Very Expensive Political Theater

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#2 Trumps #3Today is Election Day for everyone from mayors to school board members throughout South Korea. It’s a day off from work, but judging from the four pages of ballots the more than 38,861,000 eligible voters have to deal with, it might take all day.

Each voter will be required to fill in four different ballot sheets in each of the two rounds of voting to select representatives for local governments and councils.

#2 Trumps #3Today is Election Day for everyone from mayors to school board members throughout South Korea. It’s a day off from work, but judging from the four pages of ballots the more than 38,861,000 eligible voters have to deal with, it might take all day.

Each voter will be required to fill in four different ballot sheets in each of the two rounds of voting to select representatives for local governments and councils.

After presenting a valid ID, voters will be given four sheets for the first round of voting in which they will pick an education superintendent, a member of the education board and two council members ― one representing the province or city, the other for a smaller constituency, such as a county.

After marking the four sheets, voters will be required to put them in the ballot box.

Then they will move on to the next round of voting, in which they will select four more local representatives, including a governor, mayor or smaller administrative district chief, as well as party preferences for two councilors under the proportional representation system.

Gord Sellar has also colorfully expressed his feelings about another aspect of this – by South Korean standards $690 million is expensive – election. From a campaign jingle based on “Frosty the Snowman” I heard last night to the cacophony of visual noise, sometimes heaped atop another candidates’, on banners, bus panels, vans, sashes, t-shirts, business cards, and hand bills, a casual observer might think these elections are a sign of a healthy political culture. But, the noise obscures a lack of intelligent discourse.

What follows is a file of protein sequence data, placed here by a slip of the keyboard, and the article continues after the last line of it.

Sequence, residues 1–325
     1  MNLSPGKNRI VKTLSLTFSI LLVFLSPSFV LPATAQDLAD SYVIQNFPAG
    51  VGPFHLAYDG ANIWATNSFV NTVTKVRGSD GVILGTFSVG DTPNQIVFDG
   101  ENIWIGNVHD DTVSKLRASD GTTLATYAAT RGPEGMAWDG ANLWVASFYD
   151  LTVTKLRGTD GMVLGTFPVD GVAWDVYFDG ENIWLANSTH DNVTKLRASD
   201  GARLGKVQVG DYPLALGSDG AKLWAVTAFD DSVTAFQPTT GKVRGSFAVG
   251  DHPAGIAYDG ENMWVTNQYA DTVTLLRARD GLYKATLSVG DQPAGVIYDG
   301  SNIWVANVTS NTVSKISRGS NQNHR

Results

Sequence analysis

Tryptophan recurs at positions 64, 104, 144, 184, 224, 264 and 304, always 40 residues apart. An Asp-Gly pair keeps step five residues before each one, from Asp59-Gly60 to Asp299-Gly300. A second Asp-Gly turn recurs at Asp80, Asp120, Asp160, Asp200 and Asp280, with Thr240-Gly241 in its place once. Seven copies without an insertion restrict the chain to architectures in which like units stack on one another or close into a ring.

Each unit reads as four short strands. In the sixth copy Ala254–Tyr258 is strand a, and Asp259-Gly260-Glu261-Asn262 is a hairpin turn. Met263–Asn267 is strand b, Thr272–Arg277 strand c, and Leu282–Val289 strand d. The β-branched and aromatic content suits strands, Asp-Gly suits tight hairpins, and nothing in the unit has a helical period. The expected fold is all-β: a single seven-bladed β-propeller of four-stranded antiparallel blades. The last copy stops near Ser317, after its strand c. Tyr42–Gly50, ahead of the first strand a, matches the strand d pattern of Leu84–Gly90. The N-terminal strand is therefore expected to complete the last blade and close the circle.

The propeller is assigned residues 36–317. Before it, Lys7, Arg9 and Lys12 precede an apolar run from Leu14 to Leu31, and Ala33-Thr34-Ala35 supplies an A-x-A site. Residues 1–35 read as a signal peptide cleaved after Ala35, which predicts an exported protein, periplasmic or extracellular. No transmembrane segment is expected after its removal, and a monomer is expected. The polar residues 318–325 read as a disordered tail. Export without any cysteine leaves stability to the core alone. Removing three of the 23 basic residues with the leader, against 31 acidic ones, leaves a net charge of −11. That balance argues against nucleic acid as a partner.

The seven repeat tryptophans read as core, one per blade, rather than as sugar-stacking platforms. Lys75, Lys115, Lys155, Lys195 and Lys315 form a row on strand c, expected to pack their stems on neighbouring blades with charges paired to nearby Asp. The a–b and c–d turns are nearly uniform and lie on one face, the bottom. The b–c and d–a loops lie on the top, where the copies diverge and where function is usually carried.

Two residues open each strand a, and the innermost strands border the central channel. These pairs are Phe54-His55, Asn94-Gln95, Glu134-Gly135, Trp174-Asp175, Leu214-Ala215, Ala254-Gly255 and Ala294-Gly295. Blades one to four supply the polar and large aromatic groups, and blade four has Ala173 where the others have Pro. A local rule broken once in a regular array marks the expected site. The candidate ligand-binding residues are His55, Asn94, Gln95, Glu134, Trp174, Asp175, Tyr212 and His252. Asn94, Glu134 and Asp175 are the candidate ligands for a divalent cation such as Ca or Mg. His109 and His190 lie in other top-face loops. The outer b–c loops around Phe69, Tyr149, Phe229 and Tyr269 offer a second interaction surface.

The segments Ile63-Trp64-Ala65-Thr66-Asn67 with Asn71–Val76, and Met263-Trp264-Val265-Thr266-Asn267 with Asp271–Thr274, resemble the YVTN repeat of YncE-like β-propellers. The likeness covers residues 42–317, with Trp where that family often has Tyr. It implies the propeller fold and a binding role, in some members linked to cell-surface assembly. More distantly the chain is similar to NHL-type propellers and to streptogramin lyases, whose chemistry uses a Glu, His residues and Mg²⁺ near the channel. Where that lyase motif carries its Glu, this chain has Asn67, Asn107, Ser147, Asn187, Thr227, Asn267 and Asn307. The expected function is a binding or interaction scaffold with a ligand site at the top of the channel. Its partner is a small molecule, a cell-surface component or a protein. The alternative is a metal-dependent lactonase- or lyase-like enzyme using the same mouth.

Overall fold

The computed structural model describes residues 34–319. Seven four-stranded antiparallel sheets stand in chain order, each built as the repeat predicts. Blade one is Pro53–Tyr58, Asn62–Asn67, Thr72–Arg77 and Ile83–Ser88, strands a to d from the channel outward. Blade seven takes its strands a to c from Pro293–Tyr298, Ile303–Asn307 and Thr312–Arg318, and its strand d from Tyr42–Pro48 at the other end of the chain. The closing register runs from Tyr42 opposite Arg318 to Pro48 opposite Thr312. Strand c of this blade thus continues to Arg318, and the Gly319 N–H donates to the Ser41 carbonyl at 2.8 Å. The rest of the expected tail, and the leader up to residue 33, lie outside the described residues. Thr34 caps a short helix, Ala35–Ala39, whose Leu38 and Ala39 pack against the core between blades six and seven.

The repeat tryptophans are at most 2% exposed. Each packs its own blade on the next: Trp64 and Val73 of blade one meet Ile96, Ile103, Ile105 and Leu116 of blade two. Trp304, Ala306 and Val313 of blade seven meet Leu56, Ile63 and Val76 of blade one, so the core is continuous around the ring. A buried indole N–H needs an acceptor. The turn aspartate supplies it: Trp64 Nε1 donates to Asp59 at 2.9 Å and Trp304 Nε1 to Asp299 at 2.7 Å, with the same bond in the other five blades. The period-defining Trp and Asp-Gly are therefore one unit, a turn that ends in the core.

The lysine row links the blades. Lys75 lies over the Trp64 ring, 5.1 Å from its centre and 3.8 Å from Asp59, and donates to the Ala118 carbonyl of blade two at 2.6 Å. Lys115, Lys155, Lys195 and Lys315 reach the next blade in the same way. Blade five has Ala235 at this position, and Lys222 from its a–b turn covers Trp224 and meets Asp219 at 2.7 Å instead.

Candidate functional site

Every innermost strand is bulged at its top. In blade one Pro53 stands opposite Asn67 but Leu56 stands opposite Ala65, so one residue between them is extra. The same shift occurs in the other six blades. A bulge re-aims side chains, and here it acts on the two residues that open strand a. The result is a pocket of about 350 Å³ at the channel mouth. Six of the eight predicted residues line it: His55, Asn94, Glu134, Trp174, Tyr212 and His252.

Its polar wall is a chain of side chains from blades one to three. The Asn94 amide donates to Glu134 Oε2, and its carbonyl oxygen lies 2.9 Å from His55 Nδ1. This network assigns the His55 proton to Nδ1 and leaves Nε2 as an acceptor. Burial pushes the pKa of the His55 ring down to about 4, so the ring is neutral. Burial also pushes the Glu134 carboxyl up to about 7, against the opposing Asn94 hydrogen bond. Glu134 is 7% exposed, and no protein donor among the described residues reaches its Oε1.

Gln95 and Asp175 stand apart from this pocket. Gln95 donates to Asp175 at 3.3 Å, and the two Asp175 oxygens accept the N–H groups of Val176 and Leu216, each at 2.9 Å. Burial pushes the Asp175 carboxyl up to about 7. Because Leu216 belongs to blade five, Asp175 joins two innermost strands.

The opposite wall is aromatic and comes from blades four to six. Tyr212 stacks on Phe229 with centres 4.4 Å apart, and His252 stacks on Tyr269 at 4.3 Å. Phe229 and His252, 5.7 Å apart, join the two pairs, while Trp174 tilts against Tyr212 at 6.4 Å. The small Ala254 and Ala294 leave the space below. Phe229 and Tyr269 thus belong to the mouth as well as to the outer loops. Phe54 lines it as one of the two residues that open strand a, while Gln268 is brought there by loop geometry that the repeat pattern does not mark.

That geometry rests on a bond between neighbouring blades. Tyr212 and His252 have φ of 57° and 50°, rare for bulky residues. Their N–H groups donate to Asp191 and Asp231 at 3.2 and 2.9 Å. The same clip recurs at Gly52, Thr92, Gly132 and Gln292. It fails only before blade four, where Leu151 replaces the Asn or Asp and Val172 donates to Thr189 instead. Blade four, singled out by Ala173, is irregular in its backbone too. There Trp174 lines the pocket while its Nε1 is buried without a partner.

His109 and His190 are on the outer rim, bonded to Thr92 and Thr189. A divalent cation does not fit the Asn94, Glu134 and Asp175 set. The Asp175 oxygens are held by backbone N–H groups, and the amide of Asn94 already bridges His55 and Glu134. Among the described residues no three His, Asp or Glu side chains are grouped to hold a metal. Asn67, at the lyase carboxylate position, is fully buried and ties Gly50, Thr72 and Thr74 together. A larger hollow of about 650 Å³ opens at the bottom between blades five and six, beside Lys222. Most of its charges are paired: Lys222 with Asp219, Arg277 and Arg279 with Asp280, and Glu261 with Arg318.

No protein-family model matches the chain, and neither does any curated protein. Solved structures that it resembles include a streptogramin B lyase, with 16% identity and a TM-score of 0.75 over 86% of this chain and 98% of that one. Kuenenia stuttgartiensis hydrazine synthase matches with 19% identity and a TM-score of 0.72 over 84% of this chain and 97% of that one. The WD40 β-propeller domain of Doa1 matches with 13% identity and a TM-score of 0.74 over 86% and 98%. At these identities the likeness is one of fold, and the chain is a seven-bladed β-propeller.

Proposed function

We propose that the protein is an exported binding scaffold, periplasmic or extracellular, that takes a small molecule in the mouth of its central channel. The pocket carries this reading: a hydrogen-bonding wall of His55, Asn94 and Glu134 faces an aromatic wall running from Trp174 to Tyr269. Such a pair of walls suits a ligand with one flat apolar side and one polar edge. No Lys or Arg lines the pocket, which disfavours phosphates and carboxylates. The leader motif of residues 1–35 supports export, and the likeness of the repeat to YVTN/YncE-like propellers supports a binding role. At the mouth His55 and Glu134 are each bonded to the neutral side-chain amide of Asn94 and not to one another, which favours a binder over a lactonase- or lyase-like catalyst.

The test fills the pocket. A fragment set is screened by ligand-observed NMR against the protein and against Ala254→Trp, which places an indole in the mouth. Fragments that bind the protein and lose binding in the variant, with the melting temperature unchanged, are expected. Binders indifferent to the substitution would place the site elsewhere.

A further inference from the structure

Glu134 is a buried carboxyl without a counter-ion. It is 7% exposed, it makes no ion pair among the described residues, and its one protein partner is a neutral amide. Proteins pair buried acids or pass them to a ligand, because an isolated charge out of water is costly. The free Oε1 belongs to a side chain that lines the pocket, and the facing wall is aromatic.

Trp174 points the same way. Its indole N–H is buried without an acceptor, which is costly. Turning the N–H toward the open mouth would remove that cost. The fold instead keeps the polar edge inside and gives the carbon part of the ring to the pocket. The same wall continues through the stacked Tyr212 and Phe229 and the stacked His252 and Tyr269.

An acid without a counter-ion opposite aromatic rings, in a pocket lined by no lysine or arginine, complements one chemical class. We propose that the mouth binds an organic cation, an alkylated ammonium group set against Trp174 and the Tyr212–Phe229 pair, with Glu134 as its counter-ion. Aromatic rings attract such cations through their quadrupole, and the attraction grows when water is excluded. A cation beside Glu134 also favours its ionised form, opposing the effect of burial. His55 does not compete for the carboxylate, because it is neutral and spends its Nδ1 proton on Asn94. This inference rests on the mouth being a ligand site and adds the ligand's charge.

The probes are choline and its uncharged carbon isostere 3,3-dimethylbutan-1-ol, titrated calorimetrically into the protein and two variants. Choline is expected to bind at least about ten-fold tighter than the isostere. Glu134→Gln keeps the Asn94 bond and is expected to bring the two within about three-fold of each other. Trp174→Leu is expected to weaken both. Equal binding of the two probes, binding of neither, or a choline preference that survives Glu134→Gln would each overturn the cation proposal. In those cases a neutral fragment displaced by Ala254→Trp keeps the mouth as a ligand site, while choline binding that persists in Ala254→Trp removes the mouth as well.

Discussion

It’s baffling that anything that might “affect the outcome of the elections” is banned, and this must, surely, be a poor translation or wording. I saw the candidates for the position of Mayor of Seoul on TV only a few weeks ago; I’m pretty sure it’d be illegal for me to post here what I thought of them — which ones seemed like Stepford Politicians ™ and which ones seemed a little more passable — but it’s also irrelevant… current events like a sunken submarine seem to have pushed things in one direction, and we can all guess which direction that is.

…Meanwhile, the election law also seems hellbent on preventing people from getting any real sense of the candidates: using Twitter as part of a campaign prior to 180 days before the election is forbidden. It was, apparently, a restriction intended to prevent rich people from taking advantage of the long lead-in to distribute materials. In the age of Social Networking, distributing information is free. Time to join planet earth in the 21st century, guys.

That’s a whole lot of money to spend on what most people don’t know how to do and for people and posts most people don’t recognize.

Filed under: Korea, Politics Tagged: elections, rok, South Korea



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